August 17, 2014 weblog
One Codex in open beta for genomic data search
Data, data everywhere and now as ever researchers need the best tools to make the data useful. In medicine, searching through genomic data can take some time. A startup called One Codex hopes to make difference with their genetic search platform that can process data sets quickly. A report on their work on Friday in TechCrunch noted the advantage of One Codex speed. "Currently," wrote Julian Chokkattu, "the most commonly used tool for genome searching is by using an algorithm called BLAST, Basic Local Alignment Search Tool, which compares primary biological sequence information." For Nick Greenfield, cofounder of One Codex, uploading a file to BLAST took two minutes and 30 seconds to process, compared with the One Codex system where the number was less than 1/20th of a second. The company defines One Codex as a search engine for genomic data. The TechCrunch piece describes what they offer as a service platform for genomics. Apart from using search technology," said Chokkattu, the platform also acts as an indexed, curated reference.
The company said that it can search the world's largest index of bacterial, viral, and fungal genomes. A key advantage is speed. The product can, said the company, "process next-generation datasets in minutes, not days (millions of DNA base pairs per second)."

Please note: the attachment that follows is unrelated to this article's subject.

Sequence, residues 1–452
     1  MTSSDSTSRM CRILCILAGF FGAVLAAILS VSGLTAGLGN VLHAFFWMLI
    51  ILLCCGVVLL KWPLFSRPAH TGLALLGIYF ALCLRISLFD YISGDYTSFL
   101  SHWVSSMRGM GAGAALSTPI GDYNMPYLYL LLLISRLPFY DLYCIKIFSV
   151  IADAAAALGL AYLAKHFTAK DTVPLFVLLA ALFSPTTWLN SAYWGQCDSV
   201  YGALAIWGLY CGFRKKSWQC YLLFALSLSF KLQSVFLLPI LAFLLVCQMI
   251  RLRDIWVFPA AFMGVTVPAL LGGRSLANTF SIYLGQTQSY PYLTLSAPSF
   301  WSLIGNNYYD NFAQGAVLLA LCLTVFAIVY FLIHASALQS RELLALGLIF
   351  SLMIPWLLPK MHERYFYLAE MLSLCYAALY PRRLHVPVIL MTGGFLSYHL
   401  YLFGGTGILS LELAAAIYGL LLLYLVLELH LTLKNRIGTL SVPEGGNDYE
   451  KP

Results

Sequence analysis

The two founders are Nick Greenfield, former data scientist, and Nik Krumm, who has a PhD in genome sciences from the University of Washington.
Sample applications would be in clinical diagnostics, food safety and biosecurity. Right now, said TechCrunch, the company is focusing on testing their platform with hospitals and agencies. One Codex is in open beta.
Scientific interest in being able to search genomic data faster has been in evidence for some years. In 2012, MIT's news office reported on a study in Nature Biotechnology, where MIT and Harvard researchers described an algorithm "that drastically reduces the time it takes to find a particular gene sequence in a database of genomes. Moreover, the more genomes it's searching, the greater the speedup it affords, so its advantages will only compound as more data is generated."
The authors of that paper, titled "Compressive genomics," said, "In the past two decades, genomic sequencing capabilities have increased exponentially, outstripping advances in computing power. Extracting new insights from the data sets currently being generated will require not only faster computers, but also smarter algorithms." They stated that although compression schemes for BLAST and BLAT that they presented yield an increase in computational speed and in scaling, "they are only a first step."
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